At this point you might argue that I'm reading too much into the numbers, that there must be other factors. You could be right. If so, I would argue the same about all the numbers presented in this debate. It requires thoughtful reasoned consideration. The problem needs to be properly engineered, not solved by emotional debate using suspect statistics.

There are many more numbers that I hoped to present but again my post has become too long. I hope this post at least gives convincing evidence that we are not in a crisis and that if we do need a solution it requires calm, reasoned analysis.

Guns and crime: Please Stop Misusing Numbers.

I'm not as smart as my friends. Some of them see the obvious that if we ban all guns violent crimes like what happened at Sandy Hook will go away forever. Others clearly see the obvious truth that if we criminalize guns only criminals will have guns. In my ignorance neither of these conclusions are obvious.

I'm also no lawyer. I do not understand all the intricacies of the second amendment. If the amendment is referring to self-defense against the government, I don't see how having a semi-automatic weapon helps me against a federal government armed with nuclear weapons and fighter aircraft. On the other hand, if it refers to self defense in general I don't understand why more women's groups are not against gun control. A handgun levels the playing field. Without superior weapons smaller and weaker people (of whom women are the lion's share) are relatively defenseless against larger and stronger people (usually men) with baseball bats.

Neither am I a doctor, psychologist, nor social worker. Certainly better treatment for those with mental health issues is desirable, but I have no idea how to best accomplish this. Hopefully informed debate on this will provide some solutions, however that doesn't seem to be the focus of any significant efforts currently under way.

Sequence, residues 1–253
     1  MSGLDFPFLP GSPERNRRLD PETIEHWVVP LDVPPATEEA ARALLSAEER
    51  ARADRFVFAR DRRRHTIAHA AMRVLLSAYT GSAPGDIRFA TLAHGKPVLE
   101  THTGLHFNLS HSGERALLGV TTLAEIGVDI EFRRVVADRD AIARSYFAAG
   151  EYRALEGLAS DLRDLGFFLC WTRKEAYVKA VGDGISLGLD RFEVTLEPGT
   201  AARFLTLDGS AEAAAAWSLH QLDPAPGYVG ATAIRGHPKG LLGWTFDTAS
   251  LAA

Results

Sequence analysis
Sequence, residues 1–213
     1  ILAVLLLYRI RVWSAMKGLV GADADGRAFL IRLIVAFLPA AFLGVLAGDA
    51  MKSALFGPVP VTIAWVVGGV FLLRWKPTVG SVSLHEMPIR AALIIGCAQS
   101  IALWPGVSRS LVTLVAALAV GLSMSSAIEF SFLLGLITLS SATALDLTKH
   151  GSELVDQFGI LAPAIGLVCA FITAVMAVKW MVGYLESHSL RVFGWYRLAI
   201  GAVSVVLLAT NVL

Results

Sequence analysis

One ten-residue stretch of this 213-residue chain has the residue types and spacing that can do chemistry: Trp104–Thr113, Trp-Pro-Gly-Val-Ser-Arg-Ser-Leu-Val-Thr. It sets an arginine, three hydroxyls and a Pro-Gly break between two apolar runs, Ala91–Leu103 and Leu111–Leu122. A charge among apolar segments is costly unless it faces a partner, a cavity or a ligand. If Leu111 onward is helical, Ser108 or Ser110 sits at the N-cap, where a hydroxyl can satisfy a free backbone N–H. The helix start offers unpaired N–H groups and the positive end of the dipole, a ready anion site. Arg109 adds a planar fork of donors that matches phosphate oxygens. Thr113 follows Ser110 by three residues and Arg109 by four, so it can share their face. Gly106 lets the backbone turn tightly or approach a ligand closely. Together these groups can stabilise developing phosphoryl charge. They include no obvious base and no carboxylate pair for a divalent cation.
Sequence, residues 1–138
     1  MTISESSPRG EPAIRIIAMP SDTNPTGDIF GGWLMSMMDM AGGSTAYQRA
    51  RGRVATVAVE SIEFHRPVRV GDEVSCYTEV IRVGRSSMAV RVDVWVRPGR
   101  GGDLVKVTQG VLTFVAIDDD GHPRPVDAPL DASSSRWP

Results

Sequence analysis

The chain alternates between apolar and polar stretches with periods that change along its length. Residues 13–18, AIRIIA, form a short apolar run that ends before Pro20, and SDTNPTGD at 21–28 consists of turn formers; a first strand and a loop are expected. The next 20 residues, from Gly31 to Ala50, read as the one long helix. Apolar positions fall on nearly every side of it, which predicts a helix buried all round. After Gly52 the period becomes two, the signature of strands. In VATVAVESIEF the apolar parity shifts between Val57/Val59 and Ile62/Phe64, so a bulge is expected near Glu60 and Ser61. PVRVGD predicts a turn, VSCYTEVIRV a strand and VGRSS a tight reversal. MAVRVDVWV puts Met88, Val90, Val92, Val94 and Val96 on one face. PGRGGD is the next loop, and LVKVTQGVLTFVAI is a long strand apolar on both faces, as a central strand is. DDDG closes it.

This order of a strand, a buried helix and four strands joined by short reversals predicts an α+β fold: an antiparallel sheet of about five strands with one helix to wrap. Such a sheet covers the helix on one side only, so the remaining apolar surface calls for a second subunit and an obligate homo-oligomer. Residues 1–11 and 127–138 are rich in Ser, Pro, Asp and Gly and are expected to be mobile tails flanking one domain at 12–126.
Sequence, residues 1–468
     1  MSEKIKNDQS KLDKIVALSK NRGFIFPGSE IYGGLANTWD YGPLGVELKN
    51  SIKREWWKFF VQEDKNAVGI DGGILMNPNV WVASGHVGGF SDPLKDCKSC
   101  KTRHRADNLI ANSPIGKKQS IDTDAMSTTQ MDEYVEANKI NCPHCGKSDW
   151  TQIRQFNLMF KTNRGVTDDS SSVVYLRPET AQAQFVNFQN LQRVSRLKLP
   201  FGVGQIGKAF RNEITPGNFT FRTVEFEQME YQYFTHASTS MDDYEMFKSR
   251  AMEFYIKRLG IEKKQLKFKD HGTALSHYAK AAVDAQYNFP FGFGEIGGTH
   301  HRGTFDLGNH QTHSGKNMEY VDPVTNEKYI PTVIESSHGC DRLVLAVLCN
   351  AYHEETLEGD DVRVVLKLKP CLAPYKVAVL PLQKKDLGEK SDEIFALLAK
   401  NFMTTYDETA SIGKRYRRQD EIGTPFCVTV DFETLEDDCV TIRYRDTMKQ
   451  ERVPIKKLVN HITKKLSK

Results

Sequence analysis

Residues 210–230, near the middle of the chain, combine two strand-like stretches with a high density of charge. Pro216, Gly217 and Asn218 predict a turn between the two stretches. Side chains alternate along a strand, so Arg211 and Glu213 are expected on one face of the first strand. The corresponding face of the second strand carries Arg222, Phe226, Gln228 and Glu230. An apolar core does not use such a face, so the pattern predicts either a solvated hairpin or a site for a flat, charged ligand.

What I do understand is numbers. While not a mathematician nor statistician by trade, I did study both as part of the course work for my B.A. in Math from UCLA. Furthermore my 30+ year career in systems and software often has involved mathematical problem analysis.

Almost everyone twists numbers to meet their needs. This is unfortunate. When it happens in the engineering world bad things happen. For example when a flight director ignores engineers' warnings about launching a space shuttle when the temperature is too low the shuttle might just explode and kill seven astronauts. Similarly, in a gun control or other debate, twisting numbers to meet your needs does not help in finding a solution. Unfortunately this misuse of statistics happens so often I feel many must have no idea what they are doing. I have a friend who is bad with numbers. However, he understands this and takes steps to compensate, including double checking his use of numbers with those of us who know better. If you likewise don't understand why most of the statistics trotted out in the gun debate are garbage, please stop using them or at least get advice from those who know better.

I started this post intending to bring in statistics I've found that I think speak to the issue. As usual, however, my preamble has stretched to the length of a full post. So I will conclude with the above appeal to be much more careful with the numbers you use and I will post statistics later.